Presentation on theme: "Reaching Your Healthy Weight: Weight Management Made Easier WheatFoods.org."— Presentation transcript:
Reaching Your Healthy Weight: Weight Management Made Easier WheatFoods.org
Weight Management Is Harder Than It Looks Majority of Americans are not at their healthiest weight Many try unsuccessfully year after year to lose weight only to find that it quickly comes back People turn to “fad” diets thinking perhaps this is the diet that will work once and for all
Why DO Fad Diets Seem to Work for Awhile? They result in a lower calorie intake because they: Exclude one or more food groups Quickly become boring which, research shows, results in less food (and calories) consumed Use low carb intake to cause an initial dramatic drop in body weight as carbohydrate stores and water leave the body
Fad Diets Come and Go, But Your Weight Remains the Same ANY diet will help you lose weight but to protect your overall health, the key is keeping your weight stable over the long term Ready for a new approach?
Top Reasons to Give Up Dieting FOREVER Diets don't work Diets are expensive Diets are boring Diets don't necessarily improve your health Diets can make you afraid of food
Rather than “Diet”…. Try one of these….. They are eating “styles” rather than diets They focus on eating more fruits, vegetables, legumes, nuts and whole grains All are highly associated with better health (more stable blood sugar, lower blood pressure, lower blood cholesterol, lower cancer risk)
Go Mediterranean More servings of plant foods like grains (especially those with fiber), fruits and vegetables, nuts and legumes Lean cuts of red meat More fish and seafood More olive oil, less of other oils More simply prepared foods with less sauces and gravies
Make MyPlate Your Plate MyPlate Key Tips Make half your plate fruits and vegetables Eat 1% or fat-free dairy products Avoid over-sized portions: use smaller plates, bowls, glasses Cut back on foods high in solid fats, added sugars and salts Make at least half your grains whole grains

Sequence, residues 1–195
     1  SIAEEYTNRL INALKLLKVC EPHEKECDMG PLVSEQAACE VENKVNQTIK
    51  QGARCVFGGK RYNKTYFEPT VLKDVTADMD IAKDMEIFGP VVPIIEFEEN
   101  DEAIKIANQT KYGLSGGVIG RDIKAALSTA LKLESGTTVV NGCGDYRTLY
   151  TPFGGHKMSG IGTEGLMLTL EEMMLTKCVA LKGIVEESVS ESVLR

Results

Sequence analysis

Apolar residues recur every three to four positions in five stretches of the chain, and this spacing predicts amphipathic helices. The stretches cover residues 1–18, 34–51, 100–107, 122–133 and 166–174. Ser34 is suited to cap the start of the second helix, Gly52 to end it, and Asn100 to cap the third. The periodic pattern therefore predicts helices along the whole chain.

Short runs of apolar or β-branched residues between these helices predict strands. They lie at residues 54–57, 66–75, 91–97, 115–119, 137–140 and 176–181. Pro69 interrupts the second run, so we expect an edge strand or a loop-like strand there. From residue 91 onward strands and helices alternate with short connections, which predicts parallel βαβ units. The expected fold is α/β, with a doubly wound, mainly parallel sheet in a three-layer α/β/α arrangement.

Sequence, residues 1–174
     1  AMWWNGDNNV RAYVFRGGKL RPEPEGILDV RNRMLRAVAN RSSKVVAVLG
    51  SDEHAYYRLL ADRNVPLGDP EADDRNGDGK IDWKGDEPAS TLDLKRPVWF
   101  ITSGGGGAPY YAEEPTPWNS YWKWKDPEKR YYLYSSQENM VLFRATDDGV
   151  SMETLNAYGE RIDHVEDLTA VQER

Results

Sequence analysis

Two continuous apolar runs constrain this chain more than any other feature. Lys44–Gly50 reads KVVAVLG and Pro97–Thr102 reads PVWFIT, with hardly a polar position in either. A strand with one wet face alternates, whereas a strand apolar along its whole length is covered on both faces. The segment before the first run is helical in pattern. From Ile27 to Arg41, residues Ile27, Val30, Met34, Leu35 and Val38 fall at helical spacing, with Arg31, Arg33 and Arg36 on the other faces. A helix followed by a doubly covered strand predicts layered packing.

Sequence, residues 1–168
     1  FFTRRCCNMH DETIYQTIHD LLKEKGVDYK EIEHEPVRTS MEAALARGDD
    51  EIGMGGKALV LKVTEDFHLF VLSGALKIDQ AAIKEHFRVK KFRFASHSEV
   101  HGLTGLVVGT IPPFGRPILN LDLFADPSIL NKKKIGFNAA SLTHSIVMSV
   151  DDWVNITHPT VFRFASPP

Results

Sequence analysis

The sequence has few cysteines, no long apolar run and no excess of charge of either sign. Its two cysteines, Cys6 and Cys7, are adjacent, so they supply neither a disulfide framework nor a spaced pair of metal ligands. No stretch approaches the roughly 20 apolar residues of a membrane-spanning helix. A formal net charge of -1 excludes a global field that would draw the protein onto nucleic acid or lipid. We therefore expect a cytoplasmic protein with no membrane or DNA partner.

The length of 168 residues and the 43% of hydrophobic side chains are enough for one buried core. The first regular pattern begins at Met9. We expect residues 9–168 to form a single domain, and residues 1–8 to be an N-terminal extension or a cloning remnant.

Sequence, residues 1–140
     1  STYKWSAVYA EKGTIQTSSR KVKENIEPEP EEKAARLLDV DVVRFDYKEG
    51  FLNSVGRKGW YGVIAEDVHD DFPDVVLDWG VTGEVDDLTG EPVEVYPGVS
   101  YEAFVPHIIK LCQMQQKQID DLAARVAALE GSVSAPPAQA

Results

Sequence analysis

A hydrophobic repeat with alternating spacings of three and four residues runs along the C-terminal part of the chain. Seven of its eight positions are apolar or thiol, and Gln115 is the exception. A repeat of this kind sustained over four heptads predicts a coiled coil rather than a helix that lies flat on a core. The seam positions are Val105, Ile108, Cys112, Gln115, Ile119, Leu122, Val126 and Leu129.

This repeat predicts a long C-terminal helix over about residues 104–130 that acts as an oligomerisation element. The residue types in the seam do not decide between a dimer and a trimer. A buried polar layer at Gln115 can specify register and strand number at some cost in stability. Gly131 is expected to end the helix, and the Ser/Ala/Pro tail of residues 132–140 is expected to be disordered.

DASH Your Diet Is low in saturated fat, cholesterol, and total fat Focuses on fruits, vegetables, and fat-free or low-fat dairy products Is rich in whole grains, fish, poultry, beans, seeds, and nuts Contains fewer sweets, added sugars and sugary beverages than the typical American diet
Finding YOUR Way to a Stable, Healthy Weight that Works for YOU Eat mindfully: when you are eating put all of your attention on the food and no where else Eat for hunger: make sure you are eating because you are HUNGRY and not for other reasons Eat slowly: you’ll stop eating sooner and register that you’ve had enough to eat Eat without guilt: consider whether the food you are eating is an “everyday” food or a “sometimes” food and eat accordingly, enjoying every bite
Simple Ways To Reduce Calories 100 extra calories/day = gain of about 10 pounds/year Small, Simple Changes
Think Your Drink What you “drink” may impact your weight more than you think.
For Consideration: Are You Really Hungry? Food cues: our surroundings subconsciously encourage us to eat (or eat more).